I’m writing this on steroids. Prednisone, to be specific, taken to relieve a back spasm that was pinching a nerve.
That was five or six weeks ago, but I’m sure there are residual traces that will show up if anyone insists that I be drug-tested on the suspicion that nobody could possibly write this well without the help of performance enhancing drugs.
As career-destroying mistakes go, this one is fairly minor since career destruction happens to be my chosen vocation. Writers need something to write about.
For athletes, no such cavalier choice is available.
Two years ago, the World Anti-Doping Agency (Agence Mondiale Antidopage, as they call it, amid snickering, around the Tour de France) convened a research study to determine the scope of the blood doping problem in sports. That’s right, 2011.
From the mid 1960s through the 1980s, East Germany was an Olympic powerhouse with an entire team on anabolic steroids. That was obvious, and in the mid 70s, defectors from East Germany filled in the details. One long distance skier said promising young skiers got knee injections starting at age 14.
“For every Olympic champion,” he said, “there are 350 invalids.”
In 1985, Ben Johnson finally beat Carl Lewis in the 100-meter sprint, then was disqualified for steroids. From at least the mid 90s, Mark McGwire, Sammy Sosa, Barry Bonds, Jose Canseco, and onward to A-Rod were setting home run records with the obvious aid of drugs. A scrawny guy would turn into the Incredible Hulk, and officials looked the other way because the home runs were worth billions in attendance, TV rights, and merchandise. Oh, and Lance Armstrong won the Tour de France seven times.
These are a scant few among many thousands of examples. Still, it somehow presented a real puzzler in the feathered nests of the World Anti-Doping Agency and its predecessors, who for some reason needed 45 years even to decide there might be a problem here worth researching.
The scientists they enlisted for the task proved more resourceful than the agency could have anticipated. They mounted a definitive study that blood-tested 2,000 track and field athletes from the Pan American Games and the World Championship, then questioned them in a survey, promising anonymity.
Fewer than 2% tested positive. But 45% of those in the Pan Am Games admitted they had doped within the past 12 months.
You can probably assume that means at least 90%. If you were being asked to admit taking drugs, would you trust the promise of confidentiality? Neither would I.
They all know – their coaches, their agents, their teammates have all told them — If anonymity is what you’re after, all you have to do is refrain from doping, and nobody will ever hear of you because you’ll never be a contender.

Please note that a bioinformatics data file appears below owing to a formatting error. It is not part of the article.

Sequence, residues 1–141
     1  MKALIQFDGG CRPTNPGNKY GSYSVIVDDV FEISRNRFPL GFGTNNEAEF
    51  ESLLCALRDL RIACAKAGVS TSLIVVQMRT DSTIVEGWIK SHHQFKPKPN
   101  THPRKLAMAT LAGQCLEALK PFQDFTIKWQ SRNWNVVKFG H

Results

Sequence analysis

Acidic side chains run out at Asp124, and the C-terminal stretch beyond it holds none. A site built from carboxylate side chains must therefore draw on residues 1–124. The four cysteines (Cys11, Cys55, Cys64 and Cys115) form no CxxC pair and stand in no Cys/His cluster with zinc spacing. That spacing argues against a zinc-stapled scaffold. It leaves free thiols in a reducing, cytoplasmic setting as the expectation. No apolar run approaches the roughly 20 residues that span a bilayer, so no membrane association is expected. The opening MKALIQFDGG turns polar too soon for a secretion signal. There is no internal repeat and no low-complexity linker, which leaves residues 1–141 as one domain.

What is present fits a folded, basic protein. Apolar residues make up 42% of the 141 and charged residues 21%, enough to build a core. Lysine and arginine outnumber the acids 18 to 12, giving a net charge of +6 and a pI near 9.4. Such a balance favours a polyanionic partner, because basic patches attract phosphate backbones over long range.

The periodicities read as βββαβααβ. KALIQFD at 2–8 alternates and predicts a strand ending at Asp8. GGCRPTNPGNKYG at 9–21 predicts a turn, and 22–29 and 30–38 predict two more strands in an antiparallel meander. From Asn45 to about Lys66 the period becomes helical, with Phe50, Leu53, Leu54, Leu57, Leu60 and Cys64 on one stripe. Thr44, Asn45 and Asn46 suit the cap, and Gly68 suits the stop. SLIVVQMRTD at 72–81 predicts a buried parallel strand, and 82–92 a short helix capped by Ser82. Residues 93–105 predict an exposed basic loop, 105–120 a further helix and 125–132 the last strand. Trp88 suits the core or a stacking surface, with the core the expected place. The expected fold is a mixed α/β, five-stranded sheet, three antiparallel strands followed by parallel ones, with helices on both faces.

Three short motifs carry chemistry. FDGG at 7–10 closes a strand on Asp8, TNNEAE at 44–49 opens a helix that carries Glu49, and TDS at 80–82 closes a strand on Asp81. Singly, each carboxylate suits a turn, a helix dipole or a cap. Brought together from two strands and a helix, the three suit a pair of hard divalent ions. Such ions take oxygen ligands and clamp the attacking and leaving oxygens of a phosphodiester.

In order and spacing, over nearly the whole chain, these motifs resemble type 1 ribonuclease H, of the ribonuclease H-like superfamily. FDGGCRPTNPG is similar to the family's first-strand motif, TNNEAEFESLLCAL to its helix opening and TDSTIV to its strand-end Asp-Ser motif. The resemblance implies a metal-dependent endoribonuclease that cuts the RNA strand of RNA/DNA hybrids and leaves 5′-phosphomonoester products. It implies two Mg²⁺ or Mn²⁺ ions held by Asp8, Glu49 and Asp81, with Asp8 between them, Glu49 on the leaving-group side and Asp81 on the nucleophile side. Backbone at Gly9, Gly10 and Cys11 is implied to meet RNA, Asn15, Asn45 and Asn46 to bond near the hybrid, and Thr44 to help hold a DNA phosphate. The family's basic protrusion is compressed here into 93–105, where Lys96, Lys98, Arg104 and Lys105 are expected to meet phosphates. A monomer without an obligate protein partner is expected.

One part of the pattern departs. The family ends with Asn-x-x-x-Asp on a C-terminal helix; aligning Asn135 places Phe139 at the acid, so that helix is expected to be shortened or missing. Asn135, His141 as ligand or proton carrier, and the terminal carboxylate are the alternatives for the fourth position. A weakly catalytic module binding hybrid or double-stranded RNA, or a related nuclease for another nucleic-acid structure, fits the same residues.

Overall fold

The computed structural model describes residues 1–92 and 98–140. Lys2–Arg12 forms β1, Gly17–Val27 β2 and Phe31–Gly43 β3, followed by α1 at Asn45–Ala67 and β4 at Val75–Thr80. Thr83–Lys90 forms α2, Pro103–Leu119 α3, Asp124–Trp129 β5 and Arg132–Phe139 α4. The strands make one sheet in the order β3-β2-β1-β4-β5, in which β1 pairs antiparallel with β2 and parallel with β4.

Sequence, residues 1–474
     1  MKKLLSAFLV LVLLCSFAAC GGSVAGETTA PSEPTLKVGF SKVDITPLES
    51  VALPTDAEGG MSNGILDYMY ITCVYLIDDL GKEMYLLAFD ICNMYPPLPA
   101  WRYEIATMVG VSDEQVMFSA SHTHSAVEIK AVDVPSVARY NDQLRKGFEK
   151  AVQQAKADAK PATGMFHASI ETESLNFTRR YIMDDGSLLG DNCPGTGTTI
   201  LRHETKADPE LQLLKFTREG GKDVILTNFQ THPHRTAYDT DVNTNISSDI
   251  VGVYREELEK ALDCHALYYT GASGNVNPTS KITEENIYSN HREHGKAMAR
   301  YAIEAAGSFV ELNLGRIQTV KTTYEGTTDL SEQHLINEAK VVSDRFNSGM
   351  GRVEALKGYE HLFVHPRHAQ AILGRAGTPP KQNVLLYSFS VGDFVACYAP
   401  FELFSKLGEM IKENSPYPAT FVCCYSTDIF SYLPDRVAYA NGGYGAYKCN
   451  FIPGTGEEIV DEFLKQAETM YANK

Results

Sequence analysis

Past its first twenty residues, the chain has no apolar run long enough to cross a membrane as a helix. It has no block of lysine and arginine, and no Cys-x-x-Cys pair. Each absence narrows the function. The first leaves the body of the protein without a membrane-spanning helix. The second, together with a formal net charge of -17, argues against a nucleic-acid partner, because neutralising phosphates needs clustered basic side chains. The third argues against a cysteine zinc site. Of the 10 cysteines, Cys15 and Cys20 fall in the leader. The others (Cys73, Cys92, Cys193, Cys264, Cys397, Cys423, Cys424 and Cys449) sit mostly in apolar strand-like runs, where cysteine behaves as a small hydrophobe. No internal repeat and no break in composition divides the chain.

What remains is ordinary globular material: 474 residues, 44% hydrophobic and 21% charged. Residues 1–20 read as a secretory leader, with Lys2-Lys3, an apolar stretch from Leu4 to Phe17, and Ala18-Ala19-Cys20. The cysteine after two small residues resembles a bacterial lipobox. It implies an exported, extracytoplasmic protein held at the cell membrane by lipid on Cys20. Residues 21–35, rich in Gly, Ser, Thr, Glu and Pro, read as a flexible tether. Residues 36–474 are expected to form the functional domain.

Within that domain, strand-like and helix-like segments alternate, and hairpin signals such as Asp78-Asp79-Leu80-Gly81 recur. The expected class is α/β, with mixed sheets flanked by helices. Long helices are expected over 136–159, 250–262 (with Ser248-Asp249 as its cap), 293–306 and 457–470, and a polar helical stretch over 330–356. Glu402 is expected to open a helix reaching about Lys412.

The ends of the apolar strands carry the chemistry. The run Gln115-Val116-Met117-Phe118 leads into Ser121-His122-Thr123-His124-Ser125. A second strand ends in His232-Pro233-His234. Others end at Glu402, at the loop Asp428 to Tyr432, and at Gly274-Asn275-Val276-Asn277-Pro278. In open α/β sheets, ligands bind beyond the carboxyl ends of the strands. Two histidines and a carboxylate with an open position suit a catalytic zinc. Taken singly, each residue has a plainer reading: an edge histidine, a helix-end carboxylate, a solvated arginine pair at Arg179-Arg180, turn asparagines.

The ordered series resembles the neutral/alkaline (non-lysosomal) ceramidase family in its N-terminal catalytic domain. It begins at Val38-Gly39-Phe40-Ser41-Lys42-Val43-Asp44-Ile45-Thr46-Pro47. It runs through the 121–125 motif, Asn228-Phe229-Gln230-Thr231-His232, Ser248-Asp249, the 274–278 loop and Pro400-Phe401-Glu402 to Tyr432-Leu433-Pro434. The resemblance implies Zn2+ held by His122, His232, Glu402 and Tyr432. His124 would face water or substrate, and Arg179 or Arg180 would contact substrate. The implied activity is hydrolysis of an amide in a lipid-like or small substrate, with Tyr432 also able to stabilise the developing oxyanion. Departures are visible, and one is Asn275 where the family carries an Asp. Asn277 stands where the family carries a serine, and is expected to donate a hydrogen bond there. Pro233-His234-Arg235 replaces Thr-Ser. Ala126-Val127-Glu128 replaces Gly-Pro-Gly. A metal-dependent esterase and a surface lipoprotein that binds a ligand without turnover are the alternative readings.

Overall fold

So. Now that Anti-Doping Agency officials have the facts, what do they plan to do? Nothing, really.
They told the researchers not to publish the results. They say they might want to think about doing additional, “more comprehensive” research. Apparently 45 years of study is not enough, and Track and Field’s governing body, the IAAF, agrees. They want to wait and maybe combine the 2011 study with blood tests from the upcoming world championships in Moscow. Blood tests – you know — the kind that got 2% positives from athletes who admitted a 45% rate of doping.
Lance Armstrong doped and beat 200 other doped-up riders seven times. If Lance and everyone else had raced drug-free, chances are he still would have won the Tour seven times.
Quel horreur! An American!
Clearly, the perpetrators of the doping problem are not the athletes but the governing bodies and their vast network of commercial funders and sponsors and broadcasters and advertisers. Their salaries and self importance are ample, their lucrative game is rigged, and they can always throw a few diversionary human sacrifices into the circus to lull the public and the media by penalizing a handful of unlucky scapegoats – violators, to be sure, but also victims of the system, along with the thousands of kids and young adults who have had their health compromised and their lives shortened by the effects of drugs.
The Economist recently described an analysis of the doping problem using a branch of mathematics called Game Theory.
In its most famous game – Prisoner’s Dilemma – the participant finds that it would be extremely stupid to be honorable.
The bike racer or football player faces a comparable dilemma. If you dope and don’t get caught, you may become rich and famous. If you dope and do get caught (the 2%), you may be suspended or banned. If you don’t dope at all, you can’t keep up with the people who do, and you’re off the team – which is the same penalty you would suffer if you had doped and got caught. So where’s the disincentive?
Game theory suggests that the only way out of this tail-chase is to test everybody and to publish all the results.
The mathematicians didn’t say – but I think common sense does – that since the dopers have always stayed two steps ahead of the testers, all test samples would have to be saved to await retesting with improved technology. Cheaters would be caught, either now or later. All awards would be considered provisional for a five or seven year validation cycle.
For the first time in half a century, the rational athlete or team owner or manager would realize (most of them happily) that crime doesn’t pay.
As The Economist concludes,
“… the real guilty parties in sports doping are not those who actually take the drugs, but those who create a situation where only a fool would not.”